I was waiting anxiously outside a hotel conference room to talk with Transparent stars Alexandra Billings and Trace Lysette, who had already sat for hours of interviews with other outlets answering the typical questions stars of a hit TV show are asked. The feeling that this day was special, was palpable. As I walked in to find the two women taking photos and laughing like old girlfriends, I knew they felt it too. After all, as Billings tells me, “20 years ago we wouldn’t have been let in this room.”
No one needs to remind these ladies that they’re standing on the shoulders of giants. In many ways, Billings herself is one of those giants. Before Caitlyn Jenner and Laverne Cox were household names, Billings was already a trailblazer, having been one of the first out trans actresses to play a trans role on television, in the 2005 TV prequel Romy and Michele: In The Beginning. (The first out trans actress in such a role was Jessica Crockett, who played a trans lesbian in a 2001 Dark Angel episode). In her decades in Hollywood, Billings has appeared in numerous films and TV shows (including How to Get Away With Murder and Grey’s Anatomy), but few roles were as groundbreaking and captivating as Billings’s scene-stealing role of Davina on the hit Amazon series, Transparent.
As a mixed-race trans woman like the actress who plays her, Davina’s friendship with Maura — the affluent, Jewish lead character — is a way for the series to talk about its own privilege, to underscore the ways in which women of color are far more vulnerable to violence, and to truly address intersectionality in a real-life way that doesn’t require a textbook to understand.
Now in its fourth season, Transparent hit another milestone when Billings became the first out trans actress to have a full-frontal nude scene on a TV show (she’s likely the first out HIV-positive person to do so as well).
Billings’s costar Trace Lysette is also blazing trails as Shea, a young transgender, HIV-positive yoga instructor who teaches the lead character Maura (Jeffrey Tambor) how to say phrases like “Yas queen!” while having a brief fling with Maura’s son Josh — becoming one of only a handful of trans actresses to be portrayed having intimate relations with a cisgender man on screen (following Candis Cayne’s groundbreaking role in Dirty Sexy Money).
Although she’s HIV-negative in real life, Lysette takes the responsibility of playing a character who is both trans and poz very seriously: “The responsibility is always on my mind, and I don’t take any of it for granted.”
Billings, who is HIV-positive in real life and in the show, knows the power of art and how it shapes culture. A staunch advocate for HIV health initiatives, she’s been in the trenches since the early days of ACT UP. And like the legendary playwright and AIDS activist Larry Kramer who founded that organization, Billings acknowledges she’s dealt with a lot of anger.
“I have a lot of rage,” she recalls telling Kramer when she starred (alongside Greg Louganis) in a Chicago production of Kramer’s play Just Say No. “But I’d like it to be directed, because when it’s not, it gets way out of control… and nothing gets served.”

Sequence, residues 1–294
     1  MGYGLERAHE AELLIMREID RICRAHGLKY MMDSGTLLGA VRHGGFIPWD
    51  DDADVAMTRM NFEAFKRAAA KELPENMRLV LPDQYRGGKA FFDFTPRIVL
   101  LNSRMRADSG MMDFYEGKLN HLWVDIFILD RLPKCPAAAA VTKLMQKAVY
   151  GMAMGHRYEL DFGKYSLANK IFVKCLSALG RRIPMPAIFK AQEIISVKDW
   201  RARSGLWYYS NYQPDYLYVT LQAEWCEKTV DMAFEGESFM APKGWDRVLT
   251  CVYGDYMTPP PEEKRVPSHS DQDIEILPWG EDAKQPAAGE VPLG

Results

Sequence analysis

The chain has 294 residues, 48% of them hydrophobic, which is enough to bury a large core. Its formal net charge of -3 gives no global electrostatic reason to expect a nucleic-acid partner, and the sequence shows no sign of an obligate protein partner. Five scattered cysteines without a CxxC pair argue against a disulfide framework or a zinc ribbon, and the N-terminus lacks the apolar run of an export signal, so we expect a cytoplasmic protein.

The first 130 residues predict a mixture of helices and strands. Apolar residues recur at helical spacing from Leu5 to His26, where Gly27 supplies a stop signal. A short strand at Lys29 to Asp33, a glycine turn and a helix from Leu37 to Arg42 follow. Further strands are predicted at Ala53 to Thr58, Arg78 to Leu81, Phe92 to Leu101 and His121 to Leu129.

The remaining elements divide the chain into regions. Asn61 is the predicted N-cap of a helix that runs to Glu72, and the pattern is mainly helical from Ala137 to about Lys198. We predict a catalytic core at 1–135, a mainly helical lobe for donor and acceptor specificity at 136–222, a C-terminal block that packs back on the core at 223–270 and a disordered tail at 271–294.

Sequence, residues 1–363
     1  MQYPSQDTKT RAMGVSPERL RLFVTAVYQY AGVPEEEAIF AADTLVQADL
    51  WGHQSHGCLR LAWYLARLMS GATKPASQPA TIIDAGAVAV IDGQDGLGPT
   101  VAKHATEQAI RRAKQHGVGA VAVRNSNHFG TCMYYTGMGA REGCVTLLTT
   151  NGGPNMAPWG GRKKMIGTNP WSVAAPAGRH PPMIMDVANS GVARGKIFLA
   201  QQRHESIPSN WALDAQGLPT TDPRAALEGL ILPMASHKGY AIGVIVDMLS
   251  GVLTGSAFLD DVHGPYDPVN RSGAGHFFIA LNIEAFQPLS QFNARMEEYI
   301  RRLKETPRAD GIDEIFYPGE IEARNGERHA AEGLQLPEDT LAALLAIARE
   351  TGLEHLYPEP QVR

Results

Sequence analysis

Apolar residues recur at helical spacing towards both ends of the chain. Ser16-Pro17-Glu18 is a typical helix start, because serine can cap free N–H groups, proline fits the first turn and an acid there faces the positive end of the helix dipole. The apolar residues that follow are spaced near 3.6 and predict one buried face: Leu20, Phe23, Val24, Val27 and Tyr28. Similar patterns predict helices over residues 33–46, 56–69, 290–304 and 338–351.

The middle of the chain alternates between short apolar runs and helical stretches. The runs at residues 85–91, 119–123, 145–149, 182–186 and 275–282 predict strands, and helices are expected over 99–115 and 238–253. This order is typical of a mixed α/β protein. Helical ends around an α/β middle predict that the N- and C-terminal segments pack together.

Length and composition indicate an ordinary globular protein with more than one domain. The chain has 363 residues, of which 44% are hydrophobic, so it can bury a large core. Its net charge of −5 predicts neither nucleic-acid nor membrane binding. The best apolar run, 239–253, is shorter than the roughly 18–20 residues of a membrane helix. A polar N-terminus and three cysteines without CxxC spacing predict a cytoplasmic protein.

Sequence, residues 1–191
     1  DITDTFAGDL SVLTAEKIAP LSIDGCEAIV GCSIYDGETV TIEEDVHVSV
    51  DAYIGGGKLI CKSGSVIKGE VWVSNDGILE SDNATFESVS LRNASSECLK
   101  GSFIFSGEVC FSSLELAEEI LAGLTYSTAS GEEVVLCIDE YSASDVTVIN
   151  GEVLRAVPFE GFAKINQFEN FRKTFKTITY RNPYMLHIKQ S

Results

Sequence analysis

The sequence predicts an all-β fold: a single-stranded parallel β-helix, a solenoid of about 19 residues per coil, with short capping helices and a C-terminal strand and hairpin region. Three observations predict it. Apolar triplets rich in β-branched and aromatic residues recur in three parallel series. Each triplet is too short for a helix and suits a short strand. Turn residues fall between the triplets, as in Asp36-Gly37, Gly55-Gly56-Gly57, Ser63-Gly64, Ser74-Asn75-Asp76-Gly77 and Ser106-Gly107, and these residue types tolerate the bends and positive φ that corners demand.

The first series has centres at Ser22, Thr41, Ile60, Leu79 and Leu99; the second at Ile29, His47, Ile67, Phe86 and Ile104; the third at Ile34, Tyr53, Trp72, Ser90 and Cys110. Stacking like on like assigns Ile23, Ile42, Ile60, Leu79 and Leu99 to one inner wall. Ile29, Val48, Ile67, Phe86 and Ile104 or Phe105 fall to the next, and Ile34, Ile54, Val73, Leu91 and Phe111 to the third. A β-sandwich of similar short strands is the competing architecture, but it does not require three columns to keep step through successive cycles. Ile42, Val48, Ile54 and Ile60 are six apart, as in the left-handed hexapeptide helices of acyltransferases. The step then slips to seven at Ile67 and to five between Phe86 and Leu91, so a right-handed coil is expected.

Kramer, Billings says, replied, “‘I disagree completely. I think any anger is righteous anger.’” The activist’s response explains a lot about Kramer’s confrontational style — and how it differs from Billings’s own efforts to make the world a better place.
Being of service is a mantra for Billings, who admits to not believing in “good and evil” but rather a conscious choice to be “in service” to the world. Growing up with a musical director father, Billings has been around artists since the age of 7. One might say she was born in service to the art that’s shaped her life.
Billings, whose life was documented in the 2009 Emmy Award-nominated PBS doc Schoolboy to Showgirl: The Alexandra Billings Story, told her story there and in the famed touring off-Broadway autobiographical show, Before I Disappear.
“I was raised around queers,” she says. “My whole life has been just gay, it couldn’t be gayer. For the longest time, it was hard for me to be around [hetero-normative people]. I didn’t really understand them. The bullying that I endured when I was young was very confusing to me because I would visit my father every summer and be around the LGBT clan and I was like, ‘I don’t understand. This [queer] world is much kinder and these are supposed to be the ostracized? This doesn’t make any sense.’”
Lysette also found her home in the queer community: first in the drag bars of Dayton, Ohio, and later in the ball scene of New York City. “I was a performer [in Dayton] as a teen and had a fake ID,” she remembers. “My chosen family kind of validated me throughout the years and let me know that I was special, and particularly in the New York-hosted ballroom subculture, the voguing subculture. I found a chosen family there where I was being celebrated for being feminine, and everything I had always been put down for… that validation really carried me through.”